This syndrome or condition involves various factors, which lead to the progressive weakening of the vine and constitutes a set of symptoms that can be produced by three main groups of factors:

  1. Biotic: various fungi, bacteria, phytoplasmas and viruses involved with the infectious degeneration of grapevines;
  2. Abiotic: environmental stress reinforced by climate (water stress, heat stress, frost, hail, among others) and soil related factors;
  3. Viticultural practices and human/social: factors related to the production strategies and practices conditioned by regulatory and economic constraints.”

In the absence of prophylaxis and control measures, which can limit and delay the virulence of grapevine decline, there is a risk of triggering an irreversible process with a significant economic impact on the vitivinicultural sector.


  1. To the OIV members states:
  • Establish a national inventory of the factors responsible for the grapevine decline in relation to the grapevine varieties and rootstocks.
  • Develop a (harmonized) monitoring procedure and regular updates on the situation of grapevine decline: its distribution, extent and severity of occurrence and impact on productivity.
  • Establish a digital network at each Member State, with the participation of all players in the vitivinicultural sector, in order to monitor the current state and evolution of grapevine decline in vitivinicultural regions, and thus be able to generate early alerts by sending technical information to the sector on the subject.
  • Assess the economic impact of grapevine decline on vineyard estates, through the development of appropriate economic indicators.
  • Promote at international level the implementation of collective and individual actions to fight the grapevine decline and its mortality, thereby enabling these actions to be scaled and effective at all levels.
  • Encourage research works to improve the understanding of grapevine decline and vine mortality in order to strengthen and optimise mitigation and control methods.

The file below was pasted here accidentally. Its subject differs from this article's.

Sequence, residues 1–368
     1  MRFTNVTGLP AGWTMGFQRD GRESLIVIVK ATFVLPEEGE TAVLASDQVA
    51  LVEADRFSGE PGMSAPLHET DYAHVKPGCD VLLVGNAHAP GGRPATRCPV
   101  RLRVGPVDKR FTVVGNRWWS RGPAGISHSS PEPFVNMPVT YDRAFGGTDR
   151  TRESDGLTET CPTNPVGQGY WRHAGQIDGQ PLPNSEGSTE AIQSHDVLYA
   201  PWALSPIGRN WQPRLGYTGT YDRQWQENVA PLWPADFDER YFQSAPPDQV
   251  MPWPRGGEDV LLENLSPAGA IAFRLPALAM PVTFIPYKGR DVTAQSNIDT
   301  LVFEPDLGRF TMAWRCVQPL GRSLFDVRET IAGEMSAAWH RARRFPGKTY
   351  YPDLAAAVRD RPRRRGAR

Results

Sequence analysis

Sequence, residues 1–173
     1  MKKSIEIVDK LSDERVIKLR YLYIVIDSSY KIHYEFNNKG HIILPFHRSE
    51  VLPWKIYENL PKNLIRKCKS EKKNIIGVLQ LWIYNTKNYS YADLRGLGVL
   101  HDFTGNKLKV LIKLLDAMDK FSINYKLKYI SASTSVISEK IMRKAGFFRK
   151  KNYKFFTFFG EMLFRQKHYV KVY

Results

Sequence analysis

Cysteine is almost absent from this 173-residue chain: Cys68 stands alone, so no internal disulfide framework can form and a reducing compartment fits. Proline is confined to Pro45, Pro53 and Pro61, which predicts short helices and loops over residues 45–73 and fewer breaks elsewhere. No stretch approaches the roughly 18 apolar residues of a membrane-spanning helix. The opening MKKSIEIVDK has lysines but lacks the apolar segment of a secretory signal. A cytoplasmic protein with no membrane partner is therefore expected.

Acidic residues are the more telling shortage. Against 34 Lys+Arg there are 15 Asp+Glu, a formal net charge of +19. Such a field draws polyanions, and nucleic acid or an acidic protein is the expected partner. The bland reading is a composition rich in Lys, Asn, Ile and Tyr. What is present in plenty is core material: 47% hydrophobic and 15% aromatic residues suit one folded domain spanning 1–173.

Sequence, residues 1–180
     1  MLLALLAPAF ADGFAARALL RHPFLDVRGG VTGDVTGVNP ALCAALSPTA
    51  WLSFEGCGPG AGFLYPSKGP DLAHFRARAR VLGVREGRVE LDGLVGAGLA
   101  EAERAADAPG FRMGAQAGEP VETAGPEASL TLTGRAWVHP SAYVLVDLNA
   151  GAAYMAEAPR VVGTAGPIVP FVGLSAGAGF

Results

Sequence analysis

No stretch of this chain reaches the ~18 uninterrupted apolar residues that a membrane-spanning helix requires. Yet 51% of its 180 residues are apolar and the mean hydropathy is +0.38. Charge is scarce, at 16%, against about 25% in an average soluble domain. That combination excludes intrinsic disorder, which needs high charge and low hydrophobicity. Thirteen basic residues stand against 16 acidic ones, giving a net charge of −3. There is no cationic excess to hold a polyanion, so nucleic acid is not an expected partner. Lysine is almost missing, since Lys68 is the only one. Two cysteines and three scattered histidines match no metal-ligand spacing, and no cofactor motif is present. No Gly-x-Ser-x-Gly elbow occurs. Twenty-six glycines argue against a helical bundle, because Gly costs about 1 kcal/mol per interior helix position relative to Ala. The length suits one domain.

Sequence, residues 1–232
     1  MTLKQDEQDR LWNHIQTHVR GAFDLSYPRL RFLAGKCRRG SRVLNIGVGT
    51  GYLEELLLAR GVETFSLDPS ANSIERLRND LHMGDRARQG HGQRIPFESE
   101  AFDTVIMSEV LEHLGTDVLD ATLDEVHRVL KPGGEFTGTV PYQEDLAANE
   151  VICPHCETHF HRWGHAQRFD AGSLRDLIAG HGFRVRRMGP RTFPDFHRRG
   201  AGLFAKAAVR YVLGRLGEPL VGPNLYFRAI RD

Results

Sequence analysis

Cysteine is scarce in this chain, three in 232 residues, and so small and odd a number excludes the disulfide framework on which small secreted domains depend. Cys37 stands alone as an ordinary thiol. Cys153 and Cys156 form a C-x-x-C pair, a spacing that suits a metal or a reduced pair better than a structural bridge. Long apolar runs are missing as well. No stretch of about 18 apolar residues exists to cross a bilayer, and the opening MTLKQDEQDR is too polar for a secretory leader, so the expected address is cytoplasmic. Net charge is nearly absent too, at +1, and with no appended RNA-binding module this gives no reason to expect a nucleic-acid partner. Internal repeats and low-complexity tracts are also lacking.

• Encourage the establishment of an international scientific network, considering that one of the main shortcomings in this issue is the lack of coordination between players of the vitivinicultural sector.
    1. To all vitivinicultural countries:
  • Encourage the exchange and implementation of technical and scientific skills in a common collaborative work programme with all concerned national agencies and professions, starting from plant production up to the trading of vitivinicultural products.
  • Ensure a comprehensive and a global approach for the promotion of multidisciplinary projects for the study of abiotic and biotic factors, which are the main cause of the onset and spread of grapevine decline. These research works must provide results that allow for an adaptation strategy based on programs of training support and adoption of best management practices by all stakeholders.
  • Act on all levels, including territorial administrative, in order to support the players of the vitivinicultural sector and offer them the necessary training and technical tools to avoid or mitigate the undesirable effects of grapevine decline.